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Resisting Arrest Charges and Possible Defenses

Criminal Law Blog by The Law Office of Greg Tsioros

Resisting Arrest Charges and Possible Defenses

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Disclaimer: This article is not intended as legal advice and does not reflect the opinions of The Law Office of Greg Tsioros.

Resisting Arrest: What is it?

When a law enforcement officer is trying to arrest a person lawfully and that person attempts to thwart the officer’s arrest, this is classified as resisting arrest. The person can obstruct the arrest using force, or not, but in most states this act of resisting arrest is considered a felony or misdemeanor depending on the seriousness of their actions. The charges for resisting arrest are normally considered in addition to any charges for which the arrest was originally made which is why it is crucial to understand how an act gets classified as resisting arrest and what can be used as defense in court.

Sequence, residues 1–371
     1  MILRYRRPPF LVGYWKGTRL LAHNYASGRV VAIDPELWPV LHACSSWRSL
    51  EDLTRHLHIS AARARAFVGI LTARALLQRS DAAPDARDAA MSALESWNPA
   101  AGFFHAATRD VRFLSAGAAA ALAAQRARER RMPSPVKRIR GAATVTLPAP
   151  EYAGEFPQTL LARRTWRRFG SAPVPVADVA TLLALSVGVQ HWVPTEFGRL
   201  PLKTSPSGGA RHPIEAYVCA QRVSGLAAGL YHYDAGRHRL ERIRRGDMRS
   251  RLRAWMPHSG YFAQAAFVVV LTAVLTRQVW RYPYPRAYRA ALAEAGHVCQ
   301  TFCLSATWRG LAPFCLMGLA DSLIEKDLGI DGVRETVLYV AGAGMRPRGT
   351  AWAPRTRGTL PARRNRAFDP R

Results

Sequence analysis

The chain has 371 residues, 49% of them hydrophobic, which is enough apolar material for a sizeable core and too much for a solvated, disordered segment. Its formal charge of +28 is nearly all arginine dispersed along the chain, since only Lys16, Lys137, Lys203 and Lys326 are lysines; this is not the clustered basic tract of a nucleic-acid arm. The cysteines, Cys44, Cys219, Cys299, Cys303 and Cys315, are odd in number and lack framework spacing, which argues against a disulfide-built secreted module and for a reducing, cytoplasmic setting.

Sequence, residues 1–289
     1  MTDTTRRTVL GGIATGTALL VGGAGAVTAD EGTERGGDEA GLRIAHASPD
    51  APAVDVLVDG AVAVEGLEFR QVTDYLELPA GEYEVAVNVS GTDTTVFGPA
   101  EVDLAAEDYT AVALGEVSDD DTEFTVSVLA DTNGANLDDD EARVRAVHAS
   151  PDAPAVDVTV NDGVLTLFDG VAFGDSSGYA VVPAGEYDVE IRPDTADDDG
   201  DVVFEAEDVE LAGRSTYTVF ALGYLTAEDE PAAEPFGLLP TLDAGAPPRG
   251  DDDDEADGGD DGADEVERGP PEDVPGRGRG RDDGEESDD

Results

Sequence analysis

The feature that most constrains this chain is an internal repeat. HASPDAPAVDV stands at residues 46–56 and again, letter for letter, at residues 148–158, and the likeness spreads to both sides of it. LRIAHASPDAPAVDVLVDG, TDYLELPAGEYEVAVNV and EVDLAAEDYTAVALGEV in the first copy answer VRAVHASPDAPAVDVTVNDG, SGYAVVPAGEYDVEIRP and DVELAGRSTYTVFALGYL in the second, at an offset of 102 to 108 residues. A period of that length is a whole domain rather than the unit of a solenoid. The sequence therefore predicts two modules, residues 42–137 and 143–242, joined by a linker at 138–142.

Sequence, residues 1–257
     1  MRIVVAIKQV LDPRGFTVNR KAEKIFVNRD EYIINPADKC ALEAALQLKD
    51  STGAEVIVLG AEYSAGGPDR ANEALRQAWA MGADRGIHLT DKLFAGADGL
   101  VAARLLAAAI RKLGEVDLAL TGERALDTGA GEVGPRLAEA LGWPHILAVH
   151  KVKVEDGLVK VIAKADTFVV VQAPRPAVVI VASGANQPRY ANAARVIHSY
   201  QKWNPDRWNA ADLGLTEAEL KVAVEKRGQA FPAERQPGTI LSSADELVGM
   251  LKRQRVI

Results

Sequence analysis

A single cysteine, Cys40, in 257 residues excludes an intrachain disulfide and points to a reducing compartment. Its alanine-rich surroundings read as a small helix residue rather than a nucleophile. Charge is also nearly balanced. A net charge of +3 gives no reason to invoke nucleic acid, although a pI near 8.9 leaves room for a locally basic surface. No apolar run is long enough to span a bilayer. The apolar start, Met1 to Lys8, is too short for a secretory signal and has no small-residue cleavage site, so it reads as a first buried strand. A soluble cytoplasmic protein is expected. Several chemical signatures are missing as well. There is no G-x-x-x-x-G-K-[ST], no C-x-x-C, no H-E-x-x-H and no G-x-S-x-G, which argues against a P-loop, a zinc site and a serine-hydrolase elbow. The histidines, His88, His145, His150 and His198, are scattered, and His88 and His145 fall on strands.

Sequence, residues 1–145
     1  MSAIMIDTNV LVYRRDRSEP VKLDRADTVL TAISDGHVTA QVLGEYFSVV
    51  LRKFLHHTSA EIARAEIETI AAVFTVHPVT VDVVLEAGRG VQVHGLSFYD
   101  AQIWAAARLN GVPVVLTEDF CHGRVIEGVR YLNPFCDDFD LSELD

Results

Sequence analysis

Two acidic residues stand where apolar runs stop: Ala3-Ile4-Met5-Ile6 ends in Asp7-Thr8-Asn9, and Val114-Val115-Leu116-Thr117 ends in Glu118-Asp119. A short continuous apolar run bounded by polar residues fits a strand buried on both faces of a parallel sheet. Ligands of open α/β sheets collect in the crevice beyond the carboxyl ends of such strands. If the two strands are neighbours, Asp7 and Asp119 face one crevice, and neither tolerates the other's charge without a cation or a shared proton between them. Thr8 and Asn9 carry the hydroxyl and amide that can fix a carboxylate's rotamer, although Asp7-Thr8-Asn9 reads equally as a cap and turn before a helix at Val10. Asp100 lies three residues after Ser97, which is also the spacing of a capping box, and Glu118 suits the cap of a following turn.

There are a variety of actions considered as resisting arrest, all of which hinder the police officer from arresting and handcuffing the person to take them to jail. The act of running or trying to hide from the police officer is normally classified as misdemeanor category of resisting arrest. The act of threatening or using violence towards the officer to resist arrest is all classified as felony. Other acts that are categorized as resisting arrest include presenting a false identification to the police officer or helping somebody else escape the arrest.

Acts that may not be resisting arrests

Nonviolent acts such as swearing at an officer or taking time to follow the officer’s order, all by themselves, do not classify as resisting arrest. Questioning the intent and authority of the law enforcement officer is also not resisting arrest as long as the person eventually complies with the order. But if these acts are accompanied by aggression or threats of aggression, then they may lead to charges of resisting arrest.